Alkane. Alkene, and Alkynes - 88tuition

Alkane. Alkene, and Alkynes - 88tuition



Alkane, alkene, and alkyne are kinds of aliphatic hydrocarbons. Aliphatic hydrocarbons are carbon- and hydrogen-based organic molecules. They may be found in many different forms, from natural gas and gasoline to polymers, and are the most common organic substances on Earth. There are two primary classes of aliphatic hydrocarbons, saturated and unsaturated. We can't imagine our existence without aliphatic hydrocarbons. Several industries put them to use, from the energy sector to the plastics and pharmaceutical industries. Aliphatic hydrocarbons are ubiquitous in the things we use and in the natural world, so it's important to know what makes them tick.

Alkane, alkene and  alkyne


The organic molecules known as alkanes contain simply carbon and hydrogen. These are the most common organic compounds and the simplest hydrocarbons. Characteristics of these people include:

  • Saturated hydrocarbons, like alkanes, have only a single link between their carbon atoms. There is no localized area of partial positive or negative charge in alkanes, making them another type of non-polar molecule.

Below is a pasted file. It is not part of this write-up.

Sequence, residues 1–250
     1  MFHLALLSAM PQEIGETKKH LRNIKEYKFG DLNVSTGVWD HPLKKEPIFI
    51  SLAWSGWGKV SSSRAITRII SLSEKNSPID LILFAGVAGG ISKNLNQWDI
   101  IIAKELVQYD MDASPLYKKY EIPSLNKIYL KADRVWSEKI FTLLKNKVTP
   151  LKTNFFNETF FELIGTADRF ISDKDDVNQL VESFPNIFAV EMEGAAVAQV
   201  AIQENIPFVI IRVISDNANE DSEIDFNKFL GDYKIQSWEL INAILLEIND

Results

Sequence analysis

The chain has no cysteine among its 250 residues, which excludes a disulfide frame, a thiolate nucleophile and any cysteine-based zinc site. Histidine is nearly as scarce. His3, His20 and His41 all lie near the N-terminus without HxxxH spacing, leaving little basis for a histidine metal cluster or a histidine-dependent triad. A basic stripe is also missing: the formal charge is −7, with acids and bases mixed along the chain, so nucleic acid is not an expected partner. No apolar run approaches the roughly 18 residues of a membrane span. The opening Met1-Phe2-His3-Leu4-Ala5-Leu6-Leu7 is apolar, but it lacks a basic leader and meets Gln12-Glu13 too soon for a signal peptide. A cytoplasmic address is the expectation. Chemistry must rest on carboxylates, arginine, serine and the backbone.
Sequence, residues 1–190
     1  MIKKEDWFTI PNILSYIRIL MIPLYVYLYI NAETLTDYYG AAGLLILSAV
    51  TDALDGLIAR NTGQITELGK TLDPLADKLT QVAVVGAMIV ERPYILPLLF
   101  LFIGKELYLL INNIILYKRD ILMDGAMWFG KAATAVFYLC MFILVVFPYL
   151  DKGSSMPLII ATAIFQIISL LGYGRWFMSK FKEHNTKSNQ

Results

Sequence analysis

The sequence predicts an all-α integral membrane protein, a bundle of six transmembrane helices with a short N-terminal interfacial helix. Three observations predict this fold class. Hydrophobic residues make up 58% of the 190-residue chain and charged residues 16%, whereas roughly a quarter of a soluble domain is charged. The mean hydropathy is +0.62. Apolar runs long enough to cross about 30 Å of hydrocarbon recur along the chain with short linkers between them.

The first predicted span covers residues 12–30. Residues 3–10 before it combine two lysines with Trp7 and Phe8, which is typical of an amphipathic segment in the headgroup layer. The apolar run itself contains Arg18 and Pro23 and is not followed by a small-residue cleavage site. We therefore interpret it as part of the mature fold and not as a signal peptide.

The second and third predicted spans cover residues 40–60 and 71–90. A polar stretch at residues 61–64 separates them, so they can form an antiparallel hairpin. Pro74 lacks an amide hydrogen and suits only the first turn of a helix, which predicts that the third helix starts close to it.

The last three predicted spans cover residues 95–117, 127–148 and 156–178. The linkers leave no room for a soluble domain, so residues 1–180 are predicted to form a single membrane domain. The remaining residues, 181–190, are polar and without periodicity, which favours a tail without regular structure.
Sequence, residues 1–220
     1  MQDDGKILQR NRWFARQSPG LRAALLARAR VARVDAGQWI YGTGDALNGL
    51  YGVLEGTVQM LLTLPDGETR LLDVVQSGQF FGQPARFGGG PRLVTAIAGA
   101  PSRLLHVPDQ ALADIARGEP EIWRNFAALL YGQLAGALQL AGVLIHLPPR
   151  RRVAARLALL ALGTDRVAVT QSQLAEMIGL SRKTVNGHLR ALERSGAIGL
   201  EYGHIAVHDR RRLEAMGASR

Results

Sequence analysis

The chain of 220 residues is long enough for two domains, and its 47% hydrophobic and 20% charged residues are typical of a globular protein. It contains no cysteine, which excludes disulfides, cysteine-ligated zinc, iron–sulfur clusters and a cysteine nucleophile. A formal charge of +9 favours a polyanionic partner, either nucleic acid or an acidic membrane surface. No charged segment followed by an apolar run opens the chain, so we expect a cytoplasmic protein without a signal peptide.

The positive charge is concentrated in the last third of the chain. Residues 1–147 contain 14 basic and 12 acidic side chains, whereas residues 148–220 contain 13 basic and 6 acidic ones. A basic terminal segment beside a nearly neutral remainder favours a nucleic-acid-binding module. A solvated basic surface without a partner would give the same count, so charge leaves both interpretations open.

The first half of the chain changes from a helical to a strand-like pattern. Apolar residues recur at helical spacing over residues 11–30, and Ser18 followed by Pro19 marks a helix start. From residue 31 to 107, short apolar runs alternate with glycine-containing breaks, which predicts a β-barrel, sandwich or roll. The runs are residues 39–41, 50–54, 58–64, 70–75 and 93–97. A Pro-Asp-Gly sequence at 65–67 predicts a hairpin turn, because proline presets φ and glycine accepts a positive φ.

• All three of these sources—crude gasoline, oil and gas, and coal—contain alkanes, the most prevalent kind of hydrocarbon. Furthermore, alkanes can be employed as fuels, lubricants, and solvents. According to their carbon-atom count, alkanes are given their respective names.

  • Methane, with only one carbon atom, is the simplest alkane. Ethane, which consists of two carbon atoms, is the next alkane in the sequence.

  • An alkane may be described by the formula CnH2n+2, where n is the total number of carbon atoms. Due to their lack of polar groups and strong carbon-carbon bonds, alkanes are not very reactive. They are relatively stable and do not readily react with other chemicals, making them suitable as fuels.

  • In contrast, alkanes may be oxidized to produce a variety of other compounds, including alcohols, aldehydes, and ketones. Due to their ability to dissolve both polar and nonpolar molecules, alkanes are also widely employed as solvents. They are also put to good use as lubricants due to their slippery nature and ability to lessen friction.